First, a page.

Verb-complementational profiles across varieties of English: Comparing verb classes in Indian English and British English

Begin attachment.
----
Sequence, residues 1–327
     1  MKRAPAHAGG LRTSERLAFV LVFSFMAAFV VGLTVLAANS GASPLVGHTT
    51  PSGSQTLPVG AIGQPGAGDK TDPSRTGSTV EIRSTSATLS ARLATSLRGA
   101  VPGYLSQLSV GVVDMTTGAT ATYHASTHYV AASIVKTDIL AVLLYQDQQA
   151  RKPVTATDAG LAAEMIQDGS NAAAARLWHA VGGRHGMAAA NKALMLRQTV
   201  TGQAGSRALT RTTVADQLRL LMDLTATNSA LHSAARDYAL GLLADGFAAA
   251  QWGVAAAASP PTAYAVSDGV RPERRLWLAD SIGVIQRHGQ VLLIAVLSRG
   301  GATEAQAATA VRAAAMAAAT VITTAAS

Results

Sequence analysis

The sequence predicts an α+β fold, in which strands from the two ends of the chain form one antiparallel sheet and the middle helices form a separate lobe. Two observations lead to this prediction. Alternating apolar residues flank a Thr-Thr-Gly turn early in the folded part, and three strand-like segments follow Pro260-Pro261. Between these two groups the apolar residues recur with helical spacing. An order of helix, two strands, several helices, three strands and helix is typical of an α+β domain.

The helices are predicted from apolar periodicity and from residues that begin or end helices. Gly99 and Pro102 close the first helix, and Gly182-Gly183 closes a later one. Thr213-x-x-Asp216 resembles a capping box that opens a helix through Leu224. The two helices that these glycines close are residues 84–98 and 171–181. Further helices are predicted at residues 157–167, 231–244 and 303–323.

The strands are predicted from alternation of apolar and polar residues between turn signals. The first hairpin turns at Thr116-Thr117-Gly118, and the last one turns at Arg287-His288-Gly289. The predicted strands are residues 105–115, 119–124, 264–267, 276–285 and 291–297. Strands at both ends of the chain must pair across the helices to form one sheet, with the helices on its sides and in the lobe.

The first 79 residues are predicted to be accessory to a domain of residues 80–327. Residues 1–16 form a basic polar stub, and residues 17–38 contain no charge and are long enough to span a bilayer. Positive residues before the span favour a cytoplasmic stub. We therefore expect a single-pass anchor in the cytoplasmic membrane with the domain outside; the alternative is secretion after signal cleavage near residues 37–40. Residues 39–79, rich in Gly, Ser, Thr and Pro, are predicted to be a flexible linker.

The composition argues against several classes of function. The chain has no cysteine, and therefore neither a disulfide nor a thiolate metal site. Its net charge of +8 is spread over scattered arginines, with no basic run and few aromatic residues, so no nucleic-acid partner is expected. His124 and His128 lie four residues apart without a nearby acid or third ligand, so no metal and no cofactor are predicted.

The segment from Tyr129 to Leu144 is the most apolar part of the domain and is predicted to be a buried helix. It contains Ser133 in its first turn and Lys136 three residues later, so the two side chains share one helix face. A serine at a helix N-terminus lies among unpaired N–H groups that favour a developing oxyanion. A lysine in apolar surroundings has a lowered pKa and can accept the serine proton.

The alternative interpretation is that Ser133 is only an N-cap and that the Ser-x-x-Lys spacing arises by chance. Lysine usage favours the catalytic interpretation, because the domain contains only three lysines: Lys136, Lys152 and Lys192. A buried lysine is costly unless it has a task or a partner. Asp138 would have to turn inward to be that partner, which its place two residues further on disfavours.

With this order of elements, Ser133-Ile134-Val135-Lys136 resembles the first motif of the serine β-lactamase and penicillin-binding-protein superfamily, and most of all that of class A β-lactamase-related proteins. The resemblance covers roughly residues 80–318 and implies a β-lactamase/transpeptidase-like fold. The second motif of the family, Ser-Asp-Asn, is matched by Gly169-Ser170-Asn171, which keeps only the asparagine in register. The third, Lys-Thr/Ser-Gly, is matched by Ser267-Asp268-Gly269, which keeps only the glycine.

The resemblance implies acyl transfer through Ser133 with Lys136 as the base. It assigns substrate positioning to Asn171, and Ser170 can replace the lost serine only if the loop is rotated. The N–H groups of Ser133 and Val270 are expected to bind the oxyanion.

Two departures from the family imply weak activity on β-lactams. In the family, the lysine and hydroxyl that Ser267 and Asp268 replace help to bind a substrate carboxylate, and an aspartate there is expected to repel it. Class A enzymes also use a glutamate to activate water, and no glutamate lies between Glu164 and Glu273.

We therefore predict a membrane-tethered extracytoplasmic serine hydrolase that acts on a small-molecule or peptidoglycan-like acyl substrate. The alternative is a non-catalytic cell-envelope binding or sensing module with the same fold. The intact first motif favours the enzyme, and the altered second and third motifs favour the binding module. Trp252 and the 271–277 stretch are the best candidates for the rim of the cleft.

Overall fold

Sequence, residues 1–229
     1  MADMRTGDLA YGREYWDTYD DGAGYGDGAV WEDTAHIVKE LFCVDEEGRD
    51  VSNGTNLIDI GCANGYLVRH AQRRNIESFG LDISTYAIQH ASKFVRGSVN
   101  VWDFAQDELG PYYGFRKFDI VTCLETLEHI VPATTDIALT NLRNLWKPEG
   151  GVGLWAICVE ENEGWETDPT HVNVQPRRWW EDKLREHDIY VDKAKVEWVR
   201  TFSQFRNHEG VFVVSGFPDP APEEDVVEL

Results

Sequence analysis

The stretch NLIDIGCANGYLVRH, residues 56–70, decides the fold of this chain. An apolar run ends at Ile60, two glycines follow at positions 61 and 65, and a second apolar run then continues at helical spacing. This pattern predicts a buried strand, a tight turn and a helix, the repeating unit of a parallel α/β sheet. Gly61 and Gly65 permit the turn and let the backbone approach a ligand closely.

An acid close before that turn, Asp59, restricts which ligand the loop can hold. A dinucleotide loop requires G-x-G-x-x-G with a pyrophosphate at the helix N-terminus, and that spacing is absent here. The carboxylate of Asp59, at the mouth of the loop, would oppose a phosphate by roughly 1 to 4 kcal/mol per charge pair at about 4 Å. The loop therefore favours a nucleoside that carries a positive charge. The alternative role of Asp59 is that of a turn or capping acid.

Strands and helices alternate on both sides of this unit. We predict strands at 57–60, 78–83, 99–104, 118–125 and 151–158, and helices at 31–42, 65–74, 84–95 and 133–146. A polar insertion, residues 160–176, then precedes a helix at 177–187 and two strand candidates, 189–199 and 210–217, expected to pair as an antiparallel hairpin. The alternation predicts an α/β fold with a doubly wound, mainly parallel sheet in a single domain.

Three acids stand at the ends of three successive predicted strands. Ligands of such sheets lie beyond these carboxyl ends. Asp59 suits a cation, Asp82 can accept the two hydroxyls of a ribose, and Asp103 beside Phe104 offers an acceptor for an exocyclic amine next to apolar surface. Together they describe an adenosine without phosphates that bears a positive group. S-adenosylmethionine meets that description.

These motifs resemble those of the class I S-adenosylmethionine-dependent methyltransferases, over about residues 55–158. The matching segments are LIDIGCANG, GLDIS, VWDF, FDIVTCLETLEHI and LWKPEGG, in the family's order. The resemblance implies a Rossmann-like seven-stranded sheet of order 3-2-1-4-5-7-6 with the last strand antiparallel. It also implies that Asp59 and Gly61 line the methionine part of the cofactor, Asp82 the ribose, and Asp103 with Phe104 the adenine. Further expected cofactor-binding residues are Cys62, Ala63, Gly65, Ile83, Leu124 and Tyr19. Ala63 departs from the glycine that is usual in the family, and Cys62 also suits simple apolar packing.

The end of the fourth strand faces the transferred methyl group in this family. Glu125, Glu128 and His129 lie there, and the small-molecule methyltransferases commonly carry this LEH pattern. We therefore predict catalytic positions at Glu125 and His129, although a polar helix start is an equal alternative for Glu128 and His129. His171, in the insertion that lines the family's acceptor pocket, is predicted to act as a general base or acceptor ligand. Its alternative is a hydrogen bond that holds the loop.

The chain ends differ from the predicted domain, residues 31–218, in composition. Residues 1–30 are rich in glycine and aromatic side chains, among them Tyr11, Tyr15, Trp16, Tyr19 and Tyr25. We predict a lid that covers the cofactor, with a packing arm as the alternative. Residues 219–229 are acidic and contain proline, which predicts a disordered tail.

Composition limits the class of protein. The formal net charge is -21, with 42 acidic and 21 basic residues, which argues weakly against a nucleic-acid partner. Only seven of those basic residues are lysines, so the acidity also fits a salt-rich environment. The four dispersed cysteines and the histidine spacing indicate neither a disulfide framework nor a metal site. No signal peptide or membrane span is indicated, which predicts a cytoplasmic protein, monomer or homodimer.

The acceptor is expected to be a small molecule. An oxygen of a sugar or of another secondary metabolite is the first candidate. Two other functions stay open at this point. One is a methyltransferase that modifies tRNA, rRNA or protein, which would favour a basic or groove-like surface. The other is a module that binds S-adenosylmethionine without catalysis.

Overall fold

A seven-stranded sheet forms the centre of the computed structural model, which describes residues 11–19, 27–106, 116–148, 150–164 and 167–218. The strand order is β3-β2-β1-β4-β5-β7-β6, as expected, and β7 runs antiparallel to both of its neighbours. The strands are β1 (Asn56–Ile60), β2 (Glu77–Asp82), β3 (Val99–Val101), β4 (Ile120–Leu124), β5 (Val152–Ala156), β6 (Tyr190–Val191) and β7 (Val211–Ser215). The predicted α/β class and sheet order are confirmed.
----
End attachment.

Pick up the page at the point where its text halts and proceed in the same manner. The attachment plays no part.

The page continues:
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It has been frequently noted that many characteristic features of New Englishes tend to cluster around the interface between lexis and grammar. Focusing on present-day standard Indian English, the largest second-language variety of English, Olavarría de Ersson and Shaw (2003) and Mukherjee and Hoffmann (2006) have shown in recent corpus-based pilot studies that there are also significant differences between Indian and British English in the complementation of ditransitive verbs. In the present paper, we will make use of a large web-derived corpus of Indian English newspapers and extend the analysis of verb complementation in Indian and British English from ditransitive verbs to a semantically and syntactically related class of verbs. Specifically, we will analyse some verbs that are typically associated with the ‘transfer-caused-motion construction’ (cf. Goldberg 1995), which we refer to as ‘TCM-related verbs’. Our findings show that Indian English also displays some interesting deviations from the verb-complementational profile of British English with regard to TCM-related verbs, which raises some more general questions about divergent transitivity trends in the two varieties.


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